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Analytical Cellular Pathology
Volume 2019, Article ID 8079368, 5 pages
Research Article

Dynamics of the O. felineus Infestation Intensity and Egg Production in Carcinogenesis and Partial Hepatectomy in the Setting of Superinvasive Opisthorchiasis

1Tyumen State Medical University, Tyumen, Russia
2Tyumen Scientific Centre, Tyumen, Russia
3Khanty-Mansiysk State Medical Academy, Khanty-Mansiysk, Russia
4Sechenov University, Moscow, Russia
5Russian Medical Academy of Continuing Professional Education, Moscow, Russia

Correspondence should be addressed to Evgeny N. Morozov; ur.liam@vozorome

Received 31 December 2018; Revised 20 May 2019; Accepted 10 June 2019; Published 24 July 2019

Guest Editor: Zhigang Ren

Copyright © 2019 Vitaly G. Bychkov et al. This is an open access article distributed under the Creative Commons Attribution License, which permits unrestricted use, distribution, and reproduction in any medium, provided the original work is properly cited.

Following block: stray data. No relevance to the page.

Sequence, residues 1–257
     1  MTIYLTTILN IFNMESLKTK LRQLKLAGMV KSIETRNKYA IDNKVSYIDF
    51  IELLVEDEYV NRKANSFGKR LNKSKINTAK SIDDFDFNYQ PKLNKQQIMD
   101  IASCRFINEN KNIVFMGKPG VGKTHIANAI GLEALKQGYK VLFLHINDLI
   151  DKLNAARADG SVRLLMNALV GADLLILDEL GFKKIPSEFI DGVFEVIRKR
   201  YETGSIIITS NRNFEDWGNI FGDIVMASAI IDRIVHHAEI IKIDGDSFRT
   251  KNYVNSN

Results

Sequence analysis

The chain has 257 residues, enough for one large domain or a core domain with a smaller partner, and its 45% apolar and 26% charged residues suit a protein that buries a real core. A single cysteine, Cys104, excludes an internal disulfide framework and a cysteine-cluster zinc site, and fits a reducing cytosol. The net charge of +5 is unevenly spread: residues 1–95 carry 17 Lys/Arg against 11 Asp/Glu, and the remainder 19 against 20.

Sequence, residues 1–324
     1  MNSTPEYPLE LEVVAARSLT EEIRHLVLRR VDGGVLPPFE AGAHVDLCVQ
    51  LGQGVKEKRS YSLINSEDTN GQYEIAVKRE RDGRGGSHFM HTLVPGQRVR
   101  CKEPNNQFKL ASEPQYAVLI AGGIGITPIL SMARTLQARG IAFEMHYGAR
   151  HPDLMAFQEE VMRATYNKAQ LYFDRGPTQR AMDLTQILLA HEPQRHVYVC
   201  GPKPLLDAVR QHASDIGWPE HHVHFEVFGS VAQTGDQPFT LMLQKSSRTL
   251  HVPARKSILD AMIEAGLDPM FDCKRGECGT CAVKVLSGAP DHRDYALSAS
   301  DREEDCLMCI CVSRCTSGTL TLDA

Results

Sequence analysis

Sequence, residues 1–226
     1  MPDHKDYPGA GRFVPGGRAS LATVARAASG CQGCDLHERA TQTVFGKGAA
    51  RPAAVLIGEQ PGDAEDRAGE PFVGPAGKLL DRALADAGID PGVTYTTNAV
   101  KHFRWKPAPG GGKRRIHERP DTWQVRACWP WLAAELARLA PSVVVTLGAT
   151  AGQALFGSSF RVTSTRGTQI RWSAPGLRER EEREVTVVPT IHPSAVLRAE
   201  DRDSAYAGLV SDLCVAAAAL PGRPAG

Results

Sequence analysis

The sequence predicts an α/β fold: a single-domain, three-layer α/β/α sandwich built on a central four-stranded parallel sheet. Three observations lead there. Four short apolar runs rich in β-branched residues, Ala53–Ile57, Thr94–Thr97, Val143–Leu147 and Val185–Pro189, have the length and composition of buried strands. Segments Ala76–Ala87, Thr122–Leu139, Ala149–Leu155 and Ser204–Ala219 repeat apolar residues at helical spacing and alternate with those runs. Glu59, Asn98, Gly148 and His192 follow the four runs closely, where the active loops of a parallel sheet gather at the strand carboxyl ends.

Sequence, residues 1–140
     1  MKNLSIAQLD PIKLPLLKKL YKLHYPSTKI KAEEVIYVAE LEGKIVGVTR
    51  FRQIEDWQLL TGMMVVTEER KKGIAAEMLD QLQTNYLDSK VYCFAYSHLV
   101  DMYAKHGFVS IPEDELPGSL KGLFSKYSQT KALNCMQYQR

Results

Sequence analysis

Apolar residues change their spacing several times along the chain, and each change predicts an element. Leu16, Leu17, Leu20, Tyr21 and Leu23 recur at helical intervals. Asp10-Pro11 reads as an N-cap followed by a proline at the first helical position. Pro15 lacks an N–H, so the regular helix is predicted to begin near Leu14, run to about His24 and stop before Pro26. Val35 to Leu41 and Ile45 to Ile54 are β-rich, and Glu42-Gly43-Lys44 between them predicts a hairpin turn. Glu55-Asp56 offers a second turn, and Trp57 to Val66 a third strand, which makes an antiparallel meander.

Clinical and experimental studies have shown that opisthorchii tend to evade tumour growth foci to colonize more distant areas of the liver. When modelling tumours with various carcinogens in the setting of superinvasive opisthorchiasis, the intensity of invasion is reduced both before the formation of neoplasms (>120 days) and after the development of tumours of various histogeneses (liver, pancreas, and stomach) (>240 days). Egg production was observed to increase with the decrease in the number of parasites in the liver. The smallest changes in the infestation intensity indicators and egg production were observed in the experimental stomach tumours (). A partial hepatectomy in the setting of opisthorchiasis did not affect the number of parasites in the ecological niche (liver) or the production of eggs by the helminth. With the deterioration of the vegetation state, parasite clumps of opisthorchii increase egg production under the conditions of distress.